Substation Question

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Substation Question

Post by VJR85 » Sat Feb 16, 2008 7:35 pm

I'm doing a project for school that involves designing a substation. I am having a difficult time deciding on the loads to use. I plan to have it power a small residential area and gather the data for the average power consumption of a neighborhood like this.

I would like to have another load that is fairly large. The only thing I can think of is a large synchronous motor driving a cooling tower for a warehouse or something. I found some motors used for this application on GE's site, but they don't seem to provide any specs on the motors.

Are there any other manufacturers that will provide a good amount of data on their websites that will allow me to calculate the load/PF/etc on the substation?

Do you know of any links that provide some good info on cooling towers and the construction involved? I've found nothing on this subject.

Do you have any other ideas for the load? The professor wants us to keep it simple, so a motor is the only large electrical load I can think of.

Thanks for any advice.

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Re: Substation Question

Post by Bigglez » Sat Feb 16, 2008 7:47 pm

Greetings (No Name Supplied),
VJR85 wrote:I'm doing a project for school that involves designing a substation. I am having a difficult time deciding on the loads to use.

Do you have any other ideas for the load? The professor wants us to keep it simple, so a motor is the only large electrical load I can think of.
That sounds like an interesting project!

Most residential loads are non-reactive (lighting, heating, cooking).
Some light industrial loads are reactive, as you pointed out,
mostly electric motors.

So how about escalators, elevators (lifts), commercial
refrigerators, compressors, machine shops? (Mills,
lathes, stamps, presses - all with 1 to 10hp motors).

In the real world nothing is more annoying that sharing
utility power with a factory that does welding!

How about a broadcast transmitter? Should be good
for 100kVA or similar?

Comments Welcome!

Robert Reed
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Post by Robert Reed » Sat Feb 16, 2008 8:39 pm

Not to forget heavy industry such as steel mills- megawatts of power, enough that Q and S lines are run directly to them (138 & 345 KV). But to clarify your post, in the utility industry the term SUBSTATION only deals with high voltage branching - 138 Kv/345KV feeding into them and as low as 33KV running out of them. They generally feed moderate industry directly but primarily feed DISTRIBUTION STATIONS. This is where light industry and residential recieve their power from. Their out put is almost always 13.2KV 'Y' connected lines you see running down your street. Older and rural neighborhoods will still have 5 KV delta connected lines in lieu of that.
There are a horde of trade magazines available free of charge (if you don't mind telling them a few white lies) that have a lot of info and product manufacturer ads in them. I did receive 'Transmission and Distribution' for several years when I worked in the utility industry. Try Googling them up as usually one hit leads to dozens of others.

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Post by jollyrgr » Sun Feb 17, 2008 6:22 am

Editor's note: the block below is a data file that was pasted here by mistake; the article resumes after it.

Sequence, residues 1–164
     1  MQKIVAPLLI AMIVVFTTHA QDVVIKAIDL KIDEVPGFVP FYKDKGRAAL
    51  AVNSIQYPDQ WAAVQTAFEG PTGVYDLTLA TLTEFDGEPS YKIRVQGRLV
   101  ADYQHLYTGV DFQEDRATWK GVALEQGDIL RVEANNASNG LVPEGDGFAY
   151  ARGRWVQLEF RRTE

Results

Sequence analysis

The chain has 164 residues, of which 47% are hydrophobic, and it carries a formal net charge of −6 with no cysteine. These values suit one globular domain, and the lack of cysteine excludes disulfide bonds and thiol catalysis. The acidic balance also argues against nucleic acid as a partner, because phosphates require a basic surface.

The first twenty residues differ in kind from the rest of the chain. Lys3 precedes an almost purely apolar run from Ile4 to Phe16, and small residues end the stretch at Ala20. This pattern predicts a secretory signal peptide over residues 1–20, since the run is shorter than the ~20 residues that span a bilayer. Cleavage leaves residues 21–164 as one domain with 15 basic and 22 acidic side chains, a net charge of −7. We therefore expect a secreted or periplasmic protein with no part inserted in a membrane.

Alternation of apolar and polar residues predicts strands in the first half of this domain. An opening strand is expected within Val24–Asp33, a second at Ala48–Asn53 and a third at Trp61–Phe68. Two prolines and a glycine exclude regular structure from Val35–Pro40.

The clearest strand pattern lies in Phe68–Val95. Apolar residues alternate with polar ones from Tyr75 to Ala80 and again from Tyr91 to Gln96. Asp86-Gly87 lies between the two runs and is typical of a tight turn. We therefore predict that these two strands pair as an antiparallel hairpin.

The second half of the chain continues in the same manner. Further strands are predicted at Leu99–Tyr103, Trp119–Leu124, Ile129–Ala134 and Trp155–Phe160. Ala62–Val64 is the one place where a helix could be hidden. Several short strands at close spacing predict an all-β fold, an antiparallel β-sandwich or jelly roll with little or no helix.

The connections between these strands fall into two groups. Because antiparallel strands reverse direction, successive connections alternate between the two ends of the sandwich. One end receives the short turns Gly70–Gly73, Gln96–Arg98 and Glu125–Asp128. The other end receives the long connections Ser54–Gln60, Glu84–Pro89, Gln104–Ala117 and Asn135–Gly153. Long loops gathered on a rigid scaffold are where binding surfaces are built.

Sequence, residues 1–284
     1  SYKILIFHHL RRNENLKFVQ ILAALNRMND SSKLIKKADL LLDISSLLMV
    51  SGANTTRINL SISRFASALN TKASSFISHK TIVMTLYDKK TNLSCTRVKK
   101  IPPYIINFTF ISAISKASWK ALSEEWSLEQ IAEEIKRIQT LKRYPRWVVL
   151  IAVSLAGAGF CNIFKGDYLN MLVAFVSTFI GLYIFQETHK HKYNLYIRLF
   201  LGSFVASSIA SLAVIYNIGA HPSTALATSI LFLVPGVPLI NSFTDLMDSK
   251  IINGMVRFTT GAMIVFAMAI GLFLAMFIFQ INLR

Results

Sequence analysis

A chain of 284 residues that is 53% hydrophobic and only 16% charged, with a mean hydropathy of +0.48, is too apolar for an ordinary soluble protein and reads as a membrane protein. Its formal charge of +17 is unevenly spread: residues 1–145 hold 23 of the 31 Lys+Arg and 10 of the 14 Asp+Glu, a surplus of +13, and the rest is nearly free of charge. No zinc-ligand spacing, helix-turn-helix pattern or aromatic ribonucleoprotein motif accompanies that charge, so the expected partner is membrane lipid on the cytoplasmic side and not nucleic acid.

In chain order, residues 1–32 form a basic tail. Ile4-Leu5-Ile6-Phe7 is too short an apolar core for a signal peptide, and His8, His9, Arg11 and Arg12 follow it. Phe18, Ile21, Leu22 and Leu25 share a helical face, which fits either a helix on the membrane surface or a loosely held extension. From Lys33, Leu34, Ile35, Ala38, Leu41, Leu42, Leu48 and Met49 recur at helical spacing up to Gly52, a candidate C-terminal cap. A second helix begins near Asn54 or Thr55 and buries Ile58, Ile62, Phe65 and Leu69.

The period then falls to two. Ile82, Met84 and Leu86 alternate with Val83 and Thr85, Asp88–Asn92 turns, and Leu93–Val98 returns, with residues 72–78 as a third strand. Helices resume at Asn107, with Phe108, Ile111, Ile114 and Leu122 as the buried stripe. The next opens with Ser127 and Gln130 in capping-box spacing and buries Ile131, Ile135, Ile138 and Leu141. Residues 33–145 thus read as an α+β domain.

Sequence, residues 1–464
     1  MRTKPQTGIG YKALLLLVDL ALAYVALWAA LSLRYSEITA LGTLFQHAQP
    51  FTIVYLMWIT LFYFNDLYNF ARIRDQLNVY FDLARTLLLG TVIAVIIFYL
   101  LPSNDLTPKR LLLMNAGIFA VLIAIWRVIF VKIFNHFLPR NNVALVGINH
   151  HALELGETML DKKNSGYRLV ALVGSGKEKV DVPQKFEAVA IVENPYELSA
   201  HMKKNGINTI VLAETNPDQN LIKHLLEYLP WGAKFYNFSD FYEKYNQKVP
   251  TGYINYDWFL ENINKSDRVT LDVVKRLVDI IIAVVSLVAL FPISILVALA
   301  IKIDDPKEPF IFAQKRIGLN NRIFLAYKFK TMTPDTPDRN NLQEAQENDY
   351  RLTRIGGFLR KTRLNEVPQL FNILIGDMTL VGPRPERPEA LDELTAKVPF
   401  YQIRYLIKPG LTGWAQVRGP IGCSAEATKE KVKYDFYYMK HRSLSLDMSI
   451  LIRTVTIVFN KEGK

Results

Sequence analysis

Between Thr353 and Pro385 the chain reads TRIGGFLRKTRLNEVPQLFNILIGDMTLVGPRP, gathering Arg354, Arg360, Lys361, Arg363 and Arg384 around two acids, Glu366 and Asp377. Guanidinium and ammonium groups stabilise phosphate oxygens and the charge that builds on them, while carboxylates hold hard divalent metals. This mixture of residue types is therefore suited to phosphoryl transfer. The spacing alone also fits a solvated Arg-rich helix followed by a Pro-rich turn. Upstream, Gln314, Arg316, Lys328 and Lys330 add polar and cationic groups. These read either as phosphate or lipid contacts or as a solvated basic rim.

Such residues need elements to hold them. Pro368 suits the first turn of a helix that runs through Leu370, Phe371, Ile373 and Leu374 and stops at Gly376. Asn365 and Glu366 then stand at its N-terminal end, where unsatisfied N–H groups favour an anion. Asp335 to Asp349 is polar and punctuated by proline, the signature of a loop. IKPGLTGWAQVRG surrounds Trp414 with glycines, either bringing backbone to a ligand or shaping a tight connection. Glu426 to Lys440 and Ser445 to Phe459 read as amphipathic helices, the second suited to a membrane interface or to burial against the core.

How about this.

A Data Center with two 100KVA UPS units with a 0.9 PF; one UPS at 80% load, the other at 43% load. UPS units are 75% efficient. Four 15 Ton dual compressor air conditioners. Thirty four tube light fixtures. Seven high volume laser printers (HP 8000) not supported by the UPS units.
No trees were harmed in the creation of this message. But billions of electrons, photons, and electromagnetic waves were terribly inconvenienced!

Dean Huster
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Location: Harviell, MO (Poplar Bluff area)

Post by Dean Huster » Sun Feb 17, 2008 2:05 pm

Go to your local Target store and count the number of light fixtures they have just in the public area. Multiply by the number of tubes per fixture (ours uses 4-foot tubes, 4 per fixture) and then by the number of watts per tube. Multiply this number by the number of hours per month the store is open, divide by 1000 and you'll have kilowatt hours. Multiply that figure by your local electric rate (ours is around 7¢/KWH). Just the lighting bill for the month will take your breath away. And you're using the residental rate. Commercial and industrial customers usually pay a bit more, maybe another 1¢ or 2¢. And they still have to pay the A/C and heating bill and pay for all the POS terminals, box crusher, telephone, computer, alarm systems, video surveillance system, etc. Besides the building costs proper, we call that "overhead". Wow.

I think that you'll find a LOT of reactive loads in most industrial settings as motors are a primary user. Incandescent lighting is nil. On the other hand, the commercial users (merchants and shops) are mostly lighting with some HVAC. When the industrial power factor starts going wild, they have to start hanging capacitors on the higher voltage lines to bring things in check or the power company starts to get their panties in a wad. Once you get down to a residential area, it's resistive loads are the major contributing factor. When you see the power factor twist, it's always going to be inductive reactance, not capacitive reactance unless someone's overcompensated for the PF somewhere.

Don't forget that you have several tier of substations. The final feed line around here to farms and residential areas is around 9.6KV.

Good luck on your project!

Dean Huster, Electronics Curmudgeon
Contributing Editor emeritus, "Q & A", of the former "Poptronics" magazine (formerly "Popular Electronics" and "Electronics Now" magazines).


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